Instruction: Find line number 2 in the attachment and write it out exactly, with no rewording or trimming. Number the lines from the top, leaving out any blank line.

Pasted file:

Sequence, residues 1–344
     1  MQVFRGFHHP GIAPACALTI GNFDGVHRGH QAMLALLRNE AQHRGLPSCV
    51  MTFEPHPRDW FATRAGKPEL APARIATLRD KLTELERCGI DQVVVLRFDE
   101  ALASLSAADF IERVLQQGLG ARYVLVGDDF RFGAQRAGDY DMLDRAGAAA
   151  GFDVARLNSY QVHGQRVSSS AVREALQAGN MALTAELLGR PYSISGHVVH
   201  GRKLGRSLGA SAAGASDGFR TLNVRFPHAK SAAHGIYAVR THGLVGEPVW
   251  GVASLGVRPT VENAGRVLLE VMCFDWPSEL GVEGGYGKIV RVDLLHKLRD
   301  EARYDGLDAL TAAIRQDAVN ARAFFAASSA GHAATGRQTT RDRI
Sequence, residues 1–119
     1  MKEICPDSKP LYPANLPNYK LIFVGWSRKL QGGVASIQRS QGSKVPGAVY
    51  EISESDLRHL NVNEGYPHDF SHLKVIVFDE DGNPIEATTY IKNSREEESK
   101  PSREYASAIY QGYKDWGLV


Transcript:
     1  MQVFRGFHHP GIAPACALTI GNFDGVHRGH QAMLALLRNE AQHRGLPSCV